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Eanes speaks of native sons at annual service
Crowds gathered Sunday for the 66th annual Memorial Service at Roselawn Burial Park. Col. Greg Eanes spoke about several area natives who died in the line of duty. The service was dedicated to Robert E. Wells Jr., an Army sergeant who died on Oct. 25, 2012, and Harry Napper Jr., an Army sergeant major who was one of the founders and 11-year commander of American Legion Homer Dillard Post 78. (Bulletin photo by Mike Wray)
Retired Air Force Col. Greg Eanes told real stories on Sunday of local servicemen’s sacrifices to underscore the importance of Memorial Day.
More than 563 men from the Henry County-Martinsville area have been killed in action, died of wounds or died in wartime service, Eanes said, quoting the Library of Virginia’s database of Virginia’s war dead.
“It is important that we remember those who died and, as importantly, why they died,” he added at the 66th annual Memorial Service at Roselawn Burial Park. “Our war dead are not mere numbers or sets of statistics. They are not just names on a wall. They were living, breathing men and women; sons and daughters; brothers and sisters; husbands and wives; fathers and mothers. They had families; they had personal stories of a journey through lives cut short because of war.”
Those “lives cut short” included:
• Brothers George Edmond and Jeb Stuart Pannill of Martinsville, who enlisted in the Army during World War I. Both became privates first class in Company K of the 9th Infantry Regiment, 2nd Infantry Division.
“For three days starting on July 18, 1918, they participated in the Second Battle of the Marne ... . George was killed in action on the first day of the operation; Jeb Stuart Pannill was severely wounded and died in a military hospital of those wounds on Aug. 4,” Eanes said. They died 17 days apart.
• Pvt. Camden Ross Bryant of Henry County, who was a barber at the headquarters company of the Army Air Corps’ 34th Pursuit Squadron in the early days of World War II, Eanes said. Bryant was in the Philippines when the Japanese attacked, and men of the Air Corps were reorganized as the 2nd Provision Infantry Regiment or Air Corps Infantry.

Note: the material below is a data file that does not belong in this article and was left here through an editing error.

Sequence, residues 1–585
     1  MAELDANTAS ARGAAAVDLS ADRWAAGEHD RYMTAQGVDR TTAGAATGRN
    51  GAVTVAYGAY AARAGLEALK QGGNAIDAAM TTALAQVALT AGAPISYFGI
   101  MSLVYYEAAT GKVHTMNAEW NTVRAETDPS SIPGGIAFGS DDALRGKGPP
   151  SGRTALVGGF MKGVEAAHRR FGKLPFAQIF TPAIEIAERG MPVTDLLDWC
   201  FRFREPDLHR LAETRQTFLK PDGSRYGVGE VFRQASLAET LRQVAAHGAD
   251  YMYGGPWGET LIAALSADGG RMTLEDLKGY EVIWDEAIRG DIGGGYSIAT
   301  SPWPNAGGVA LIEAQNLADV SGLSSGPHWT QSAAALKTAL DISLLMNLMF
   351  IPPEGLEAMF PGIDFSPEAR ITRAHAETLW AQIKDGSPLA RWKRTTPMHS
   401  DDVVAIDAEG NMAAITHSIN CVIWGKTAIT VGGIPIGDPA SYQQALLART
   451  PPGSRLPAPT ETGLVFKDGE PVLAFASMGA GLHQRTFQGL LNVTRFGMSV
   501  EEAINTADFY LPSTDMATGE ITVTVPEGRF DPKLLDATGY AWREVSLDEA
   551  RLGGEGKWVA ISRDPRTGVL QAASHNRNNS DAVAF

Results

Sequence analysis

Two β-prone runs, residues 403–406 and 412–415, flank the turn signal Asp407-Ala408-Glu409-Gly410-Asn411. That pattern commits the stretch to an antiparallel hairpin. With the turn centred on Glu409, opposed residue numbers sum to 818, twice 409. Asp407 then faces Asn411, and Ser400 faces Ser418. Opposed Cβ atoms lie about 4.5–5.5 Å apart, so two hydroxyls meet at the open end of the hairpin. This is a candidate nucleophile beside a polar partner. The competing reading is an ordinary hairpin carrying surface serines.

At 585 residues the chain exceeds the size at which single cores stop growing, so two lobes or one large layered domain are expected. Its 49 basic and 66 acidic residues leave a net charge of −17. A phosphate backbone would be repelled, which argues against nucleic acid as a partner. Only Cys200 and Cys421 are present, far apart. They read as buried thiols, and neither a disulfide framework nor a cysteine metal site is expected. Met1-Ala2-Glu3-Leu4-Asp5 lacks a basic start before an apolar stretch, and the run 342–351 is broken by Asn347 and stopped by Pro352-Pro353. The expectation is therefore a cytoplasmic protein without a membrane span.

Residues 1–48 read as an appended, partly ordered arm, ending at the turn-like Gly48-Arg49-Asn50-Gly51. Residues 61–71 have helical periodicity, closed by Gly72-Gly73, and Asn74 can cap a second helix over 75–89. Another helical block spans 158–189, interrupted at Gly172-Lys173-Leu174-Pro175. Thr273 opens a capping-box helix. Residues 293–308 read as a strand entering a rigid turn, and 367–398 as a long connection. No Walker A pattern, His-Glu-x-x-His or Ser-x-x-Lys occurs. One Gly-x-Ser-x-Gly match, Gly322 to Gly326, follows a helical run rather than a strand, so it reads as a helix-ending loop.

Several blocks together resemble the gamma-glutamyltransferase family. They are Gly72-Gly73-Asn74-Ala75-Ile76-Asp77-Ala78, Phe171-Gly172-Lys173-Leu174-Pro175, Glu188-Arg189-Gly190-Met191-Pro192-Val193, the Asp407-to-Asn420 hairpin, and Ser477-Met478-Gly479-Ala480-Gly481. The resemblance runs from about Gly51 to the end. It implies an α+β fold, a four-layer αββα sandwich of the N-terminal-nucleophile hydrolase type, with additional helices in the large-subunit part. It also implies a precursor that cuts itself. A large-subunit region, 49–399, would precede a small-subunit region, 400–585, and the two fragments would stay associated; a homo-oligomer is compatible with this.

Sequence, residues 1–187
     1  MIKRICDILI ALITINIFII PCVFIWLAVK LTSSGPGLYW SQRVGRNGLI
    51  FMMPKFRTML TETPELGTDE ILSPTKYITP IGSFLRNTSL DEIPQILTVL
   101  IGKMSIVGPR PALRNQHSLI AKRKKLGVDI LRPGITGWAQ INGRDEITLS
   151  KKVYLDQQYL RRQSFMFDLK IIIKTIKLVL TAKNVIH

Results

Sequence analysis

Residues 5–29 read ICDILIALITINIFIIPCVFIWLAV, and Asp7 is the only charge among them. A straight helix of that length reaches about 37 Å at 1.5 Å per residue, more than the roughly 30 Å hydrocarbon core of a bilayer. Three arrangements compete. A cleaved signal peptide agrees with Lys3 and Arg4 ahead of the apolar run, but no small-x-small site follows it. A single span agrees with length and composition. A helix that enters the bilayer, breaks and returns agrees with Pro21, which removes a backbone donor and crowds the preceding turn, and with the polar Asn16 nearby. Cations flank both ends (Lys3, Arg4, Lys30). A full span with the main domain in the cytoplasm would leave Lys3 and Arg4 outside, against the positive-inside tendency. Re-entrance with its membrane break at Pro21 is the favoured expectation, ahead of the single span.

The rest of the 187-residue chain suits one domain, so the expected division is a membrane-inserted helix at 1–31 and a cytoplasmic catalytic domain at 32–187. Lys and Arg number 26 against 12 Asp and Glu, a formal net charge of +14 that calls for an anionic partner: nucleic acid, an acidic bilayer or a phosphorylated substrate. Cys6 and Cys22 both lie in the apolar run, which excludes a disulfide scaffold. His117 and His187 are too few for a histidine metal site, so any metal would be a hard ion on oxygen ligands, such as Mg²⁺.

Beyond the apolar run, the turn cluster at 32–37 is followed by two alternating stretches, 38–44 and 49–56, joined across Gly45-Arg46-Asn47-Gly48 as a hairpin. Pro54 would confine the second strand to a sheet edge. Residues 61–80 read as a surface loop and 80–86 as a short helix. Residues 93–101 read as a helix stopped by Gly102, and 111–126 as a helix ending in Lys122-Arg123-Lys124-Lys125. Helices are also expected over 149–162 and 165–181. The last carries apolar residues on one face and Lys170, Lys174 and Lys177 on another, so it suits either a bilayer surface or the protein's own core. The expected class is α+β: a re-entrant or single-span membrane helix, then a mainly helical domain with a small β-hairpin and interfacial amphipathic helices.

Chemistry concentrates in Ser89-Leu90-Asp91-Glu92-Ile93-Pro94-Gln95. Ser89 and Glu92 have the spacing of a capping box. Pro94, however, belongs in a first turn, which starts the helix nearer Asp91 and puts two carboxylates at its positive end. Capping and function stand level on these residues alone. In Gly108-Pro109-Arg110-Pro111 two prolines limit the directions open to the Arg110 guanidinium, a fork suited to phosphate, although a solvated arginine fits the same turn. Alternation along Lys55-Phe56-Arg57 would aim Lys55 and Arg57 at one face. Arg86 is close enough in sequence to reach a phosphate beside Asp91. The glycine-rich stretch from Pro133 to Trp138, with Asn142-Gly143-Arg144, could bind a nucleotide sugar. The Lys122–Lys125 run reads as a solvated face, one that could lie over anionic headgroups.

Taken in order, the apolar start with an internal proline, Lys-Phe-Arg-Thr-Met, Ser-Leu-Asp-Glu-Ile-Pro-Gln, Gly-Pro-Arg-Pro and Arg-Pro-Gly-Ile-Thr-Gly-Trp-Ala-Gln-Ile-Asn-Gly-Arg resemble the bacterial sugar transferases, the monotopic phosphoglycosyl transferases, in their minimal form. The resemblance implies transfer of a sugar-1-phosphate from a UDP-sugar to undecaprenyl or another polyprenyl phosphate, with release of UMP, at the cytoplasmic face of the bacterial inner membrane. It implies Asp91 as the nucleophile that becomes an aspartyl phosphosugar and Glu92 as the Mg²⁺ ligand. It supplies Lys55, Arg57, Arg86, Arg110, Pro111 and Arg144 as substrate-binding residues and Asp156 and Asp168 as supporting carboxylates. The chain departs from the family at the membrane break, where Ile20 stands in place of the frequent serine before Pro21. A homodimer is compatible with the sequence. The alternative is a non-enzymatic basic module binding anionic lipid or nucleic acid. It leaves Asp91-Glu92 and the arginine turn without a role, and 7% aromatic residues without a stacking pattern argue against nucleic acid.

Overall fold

“Camden Ross Bryant the barber was now carrying a rifle defending Bataan,” Eanes said.
Bryant became a prisoner of war and survived the Bataan death march. He and 1,800 other prisoners were packed aboard a Japanese ship en route to Japan to work as slave labor when an American submarine fired a torpedo at the ship, cutting it in two. Only nine of the American prisoners survived the sinking; Bryant was not among them, Eanes said.
• Seaman 1st Class James William Correll Jr. of Henry County, who was a Reservist in the Naval Armed Guard. In April 1944, he was aboard the SS Paul Hamilton, which carried 7,000 tons of explosives and ground personnel bound for Italy, when it was struck by a German torpedo.
“In an explosion that one eyewitness said lasted 6 to 7 seconds, the entire ship, with 580 men, vanished. James William Correll Jr. was only 19 years old,” Eanes said.
• Pfc. Aubrey N. Oakes of Martinsville, who was among the 13 local men killed in the Korean War. He died on March 31, 1953, during a Chinese Communist Army attack on a 5th Marine Combat Outpost named Vegas. He was 22 years old, Eanes said.
• Linwood Dwight Martin of Bassett, who was killed in action on March 22, 1968, in Vietnam. He was among at least 26 local men who died in that war, Eanes said.